As part of its high-risk auditor program, the ATO has already referred 37 SMSF auditors to ASIC this year, primarily for independence breaches including reciprocal audit arrangements between auditors.
ATO homes in on SMSF auditors
ATO assistant commissioner Dana Fleming said that high-risk auditors continue to be a key compliance focus for the ATO.
The ATO, she said, uses data holdings, information from case reviews and intelligence provided from the public to try and identify poor processes and systems and intentional failure to comply.
It also looks at auditors with a high volume of audits but a low level of audit contravention reports, where those audits are out of sync with the rest of the population, and independence breaches, she explained.
“This year alone, we have referred 37 auditors to ASIC. In some cases, this has been where auditors have been providing both auditor and tax agent services to the same fund or administration services or accounting services,” Ms Fleming said.
“Where those instances do occur, we also refer them to the Tax Practitioners Board as well.”
Since the registration of SMSF auditors with ASIC commenced in 2013, she said, the ATO has reviewed a total of 715 auditors.
“Most of them we simply work with to educate them better about how they can meet their professional obligations, but where we do see that auditors have been deficient in their practices or not complying with their obligations, we refer them to ASIC,” Ms Fleming said.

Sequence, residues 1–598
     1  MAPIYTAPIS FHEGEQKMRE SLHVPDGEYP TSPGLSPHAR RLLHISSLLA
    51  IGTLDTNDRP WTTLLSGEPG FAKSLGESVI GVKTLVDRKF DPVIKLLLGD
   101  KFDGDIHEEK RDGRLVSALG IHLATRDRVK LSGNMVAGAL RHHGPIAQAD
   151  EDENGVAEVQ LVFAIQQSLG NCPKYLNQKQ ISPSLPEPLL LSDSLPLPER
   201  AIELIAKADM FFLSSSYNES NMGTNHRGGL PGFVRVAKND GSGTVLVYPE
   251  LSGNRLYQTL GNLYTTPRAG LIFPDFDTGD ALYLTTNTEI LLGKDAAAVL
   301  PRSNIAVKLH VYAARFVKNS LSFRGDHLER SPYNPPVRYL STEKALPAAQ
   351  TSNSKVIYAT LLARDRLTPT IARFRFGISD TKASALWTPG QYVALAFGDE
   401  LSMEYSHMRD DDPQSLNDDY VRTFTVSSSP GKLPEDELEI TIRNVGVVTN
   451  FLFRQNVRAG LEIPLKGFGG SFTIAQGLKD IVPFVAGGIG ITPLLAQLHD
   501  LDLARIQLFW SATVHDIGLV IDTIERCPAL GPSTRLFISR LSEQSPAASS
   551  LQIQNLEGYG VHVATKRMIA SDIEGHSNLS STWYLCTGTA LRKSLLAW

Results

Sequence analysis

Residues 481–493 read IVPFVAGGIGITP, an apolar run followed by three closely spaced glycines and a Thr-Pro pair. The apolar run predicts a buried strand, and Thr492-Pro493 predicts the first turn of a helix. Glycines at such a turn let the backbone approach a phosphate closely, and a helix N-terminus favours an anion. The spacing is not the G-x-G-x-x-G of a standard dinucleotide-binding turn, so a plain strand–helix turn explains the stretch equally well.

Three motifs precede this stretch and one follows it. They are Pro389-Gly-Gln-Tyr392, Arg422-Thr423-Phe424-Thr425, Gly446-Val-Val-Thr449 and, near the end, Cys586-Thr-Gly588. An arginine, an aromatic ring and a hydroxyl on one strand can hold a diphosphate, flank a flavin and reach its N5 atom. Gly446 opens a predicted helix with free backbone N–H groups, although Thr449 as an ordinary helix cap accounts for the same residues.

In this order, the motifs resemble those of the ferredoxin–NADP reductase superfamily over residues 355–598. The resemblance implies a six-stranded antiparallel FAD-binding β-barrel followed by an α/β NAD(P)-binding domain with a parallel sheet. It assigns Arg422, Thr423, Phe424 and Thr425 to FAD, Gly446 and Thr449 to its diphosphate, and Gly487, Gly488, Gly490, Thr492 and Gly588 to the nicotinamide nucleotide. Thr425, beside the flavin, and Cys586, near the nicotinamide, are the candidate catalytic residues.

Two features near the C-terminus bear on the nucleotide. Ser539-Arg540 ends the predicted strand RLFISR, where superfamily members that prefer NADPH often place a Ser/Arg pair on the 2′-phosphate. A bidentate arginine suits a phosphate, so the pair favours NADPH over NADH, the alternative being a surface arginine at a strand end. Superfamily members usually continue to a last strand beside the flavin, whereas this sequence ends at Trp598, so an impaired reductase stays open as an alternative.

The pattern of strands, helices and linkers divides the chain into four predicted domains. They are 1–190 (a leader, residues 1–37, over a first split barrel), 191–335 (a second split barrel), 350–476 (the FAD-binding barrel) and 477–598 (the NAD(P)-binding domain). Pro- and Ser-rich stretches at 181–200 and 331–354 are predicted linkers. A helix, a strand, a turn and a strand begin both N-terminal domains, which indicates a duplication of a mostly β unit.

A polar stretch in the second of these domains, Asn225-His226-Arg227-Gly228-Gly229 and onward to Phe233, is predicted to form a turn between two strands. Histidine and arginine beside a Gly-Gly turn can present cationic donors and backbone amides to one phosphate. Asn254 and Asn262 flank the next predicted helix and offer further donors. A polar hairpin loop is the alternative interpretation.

“The most common reason for referral to ASIC is for independence breaches. These are, unfortunately, often for simple reasons such as auditing their own fund, auditing a relative’s fund, providing both auditor services and tax agent services to the same fund or accounting other administrative services, and more recently reciprocal auditing arrangements where two auditors agree to audit each other’s individual funds.”
Ms Fleming said that the number of auditors that the ATO has been referring to ASIC has increased over the last three years.
“Of the 715 auditors that we’ve reviewed, we’ve referred 96 to ASIC. I think that is a reflection of the SMSF industry and how hard it is for those SMSF auditors who may only have a handful of clients to keep up to date with their obligations of being an SMSF auditor,” she said.
“Over half of those referred auditors have had their registration cancelled, most of them voluntarily, which is consistent with the fact that they only had one or two left and were probably only doing them as a favour to those clients who’ve been long-term, and really shouldn’t be doing it any longer.”